Life here is different.For one thing, we live with our windows open. In fact, everyone does.It’s pretty much a necessity because of the heat. Because no one has air-conditioning for the most part, the windows stay open to catch the breezes that blow through.A by-product of this way of life, though, is the noise. Back in our house in Phoenix, we rarely heard much from the outside world. Sure, you’d hear loud things—the freeway, the occasional ambulance, or pool party next door.But here, we hear everything. Here are five things we hear on any given day:
- Roosters. That’s right. Roosters. There’s one next door, one down the street, one the next street over…it’s like every other house has one and here’s the thing about roosters: they don’t just crow in the morning. They crow All. The. Time. Is it 4 in the morning? There’s one crowing. Midnight? Yup. Another one’s crowing. 2:00 in the morning? 3:00 in the afternoon? The answer is always yes. And they have some sort of chain-letter system because whenever one crows, you inevitably hear another bird respond a few seconds later. They are loud. They’ve got an intricate communication system. And they never let you forget they’re there.
- Dog Fights. There are a lot of dogs here. There are a lot of dogs in the States too, I realize, but you don’t really see them like you see the dogs here. In the States, you see dogs when they’re being walked or in designated dog places or the occasional stray. And you can tell the difference what with the prevalence of collars in the US (dogs—owned or not—don’t usually have collars here). In PNG culture, there really isn’t such a thing as an ‘inside’ dog. And for good reason since most of the dogs here have lice or fleas and what not due to the non-existence of veterinarians. So the end result is quite a few dogs, many on the brink of starvation even if people own them if food happens to be scarce, roaming around the streets and occasionally picking a fight with each other. The up side is that my kids get to see all kinds of dogs all the time! But at night especially, you hear it when there are dog fights.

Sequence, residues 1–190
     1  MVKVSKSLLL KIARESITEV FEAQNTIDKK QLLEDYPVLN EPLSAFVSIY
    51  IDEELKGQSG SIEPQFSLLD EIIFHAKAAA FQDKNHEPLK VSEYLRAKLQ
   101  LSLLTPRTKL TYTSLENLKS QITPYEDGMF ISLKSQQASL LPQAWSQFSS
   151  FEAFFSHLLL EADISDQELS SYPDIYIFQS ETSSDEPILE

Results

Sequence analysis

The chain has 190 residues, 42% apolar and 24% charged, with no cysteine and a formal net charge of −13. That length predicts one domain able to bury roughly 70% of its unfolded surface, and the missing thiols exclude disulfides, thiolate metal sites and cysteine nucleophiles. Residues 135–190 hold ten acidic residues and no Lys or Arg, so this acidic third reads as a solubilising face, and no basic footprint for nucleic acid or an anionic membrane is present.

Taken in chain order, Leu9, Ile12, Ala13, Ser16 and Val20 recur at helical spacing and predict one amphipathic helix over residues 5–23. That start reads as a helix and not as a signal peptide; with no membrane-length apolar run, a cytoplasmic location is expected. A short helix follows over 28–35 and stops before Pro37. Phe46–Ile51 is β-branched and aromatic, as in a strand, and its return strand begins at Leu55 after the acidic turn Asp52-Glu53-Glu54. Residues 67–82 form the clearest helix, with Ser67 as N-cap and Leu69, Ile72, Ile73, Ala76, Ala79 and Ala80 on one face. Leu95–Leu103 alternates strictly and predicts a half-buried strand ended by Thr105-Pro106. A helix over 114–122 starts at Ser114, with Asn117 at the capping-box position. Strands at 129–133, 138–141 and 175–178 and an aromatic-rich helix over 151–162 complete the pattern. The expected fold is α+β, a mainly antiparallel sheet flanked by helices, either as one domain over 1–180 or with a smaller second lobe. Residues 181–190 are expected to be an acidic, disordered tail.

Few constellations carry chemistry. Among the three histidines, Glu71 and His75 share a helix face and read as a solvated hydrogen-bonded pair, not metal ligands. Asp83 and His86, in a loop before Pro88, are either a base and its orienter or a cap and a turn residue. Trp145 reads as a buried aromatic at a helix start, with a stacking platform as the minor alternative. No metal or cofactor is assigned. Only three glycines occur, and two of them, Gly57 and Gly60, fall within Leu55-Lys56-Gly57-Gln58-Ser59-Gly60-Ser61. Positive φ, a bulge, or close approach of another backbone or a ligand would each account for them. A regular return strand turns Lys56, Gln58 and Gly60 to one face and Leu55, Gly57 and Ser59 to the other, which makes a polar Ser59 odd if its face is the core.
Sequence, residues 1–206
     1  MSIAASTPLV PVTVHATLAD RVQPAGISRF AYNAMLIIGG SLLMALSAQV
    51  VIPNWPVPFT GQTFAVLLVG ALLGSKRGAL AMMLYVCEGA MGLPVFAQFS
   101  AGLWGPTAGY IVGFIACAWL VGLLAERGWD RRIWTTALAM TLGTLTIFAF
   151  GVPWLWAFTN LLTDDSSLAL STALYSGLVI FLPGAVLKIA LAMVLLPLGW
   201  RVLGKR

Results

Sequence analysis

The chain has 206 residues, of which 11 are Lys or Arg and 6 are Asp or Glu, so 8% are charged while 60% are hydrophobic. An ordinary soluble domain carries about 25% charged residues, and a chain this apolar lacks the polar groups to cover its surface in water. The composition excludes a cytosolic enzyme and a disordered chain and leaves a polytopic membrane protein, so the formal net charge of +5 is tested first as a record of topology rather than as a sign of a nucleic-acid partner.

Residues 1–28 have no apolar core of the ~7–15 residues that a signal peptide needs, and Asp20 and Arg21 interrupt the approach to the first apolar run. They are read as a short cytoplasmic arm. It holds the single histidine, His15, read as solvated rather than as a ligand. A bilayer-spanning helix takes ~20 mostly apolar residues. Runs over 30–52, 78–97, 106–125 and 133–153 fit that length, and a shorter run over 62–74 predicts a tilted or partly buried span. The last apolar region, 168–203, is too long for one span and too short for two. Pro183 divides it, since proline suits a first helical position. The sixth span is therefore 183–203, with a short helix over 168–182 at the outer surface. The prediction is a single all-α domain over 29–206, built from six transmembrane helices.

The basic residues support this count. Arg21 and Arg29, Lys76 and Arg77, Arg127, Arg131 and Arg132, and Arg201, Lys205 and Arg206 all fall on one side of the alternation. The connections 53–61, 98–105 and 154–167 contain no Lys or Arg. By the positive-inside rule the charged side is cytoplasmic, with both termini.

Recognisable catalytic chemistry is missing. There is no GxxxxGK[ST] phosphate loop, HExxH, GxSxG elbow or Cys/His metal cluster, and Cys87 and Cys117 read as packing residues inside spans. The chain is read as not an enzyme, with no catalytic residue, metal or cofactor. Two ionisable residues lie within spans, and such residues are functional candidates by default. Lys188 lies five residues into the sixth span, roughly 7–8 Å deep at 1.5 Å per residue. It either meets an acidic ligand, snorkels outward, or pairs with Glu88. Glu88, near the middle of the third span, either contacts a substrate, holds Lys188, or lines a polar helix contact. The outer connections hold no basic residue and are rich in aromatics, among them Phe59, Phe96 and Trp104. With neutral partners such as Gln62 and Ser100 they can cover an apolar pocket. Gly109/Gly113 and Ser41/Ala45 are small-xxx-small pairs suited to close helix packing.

- The Neighbors. You might think your neighbors are noisy, but trust me—everyone is noisy when everyone’s windows are open. We’re noisy. You can hear everything from neighbors laughing or yelling to cooking or singing or calling out to each other—you can hear everyone. My favorite is when one of our neighbors invites their church choir over and they sing until late into the night. The domestic disputes are one of my least favorites. But hearing my neighbors sing or laugh at night is actually one of the things I like best about living with our windows open. It makes me want to laugh or sing more on the off chance it makes someone else as happy as it makes me.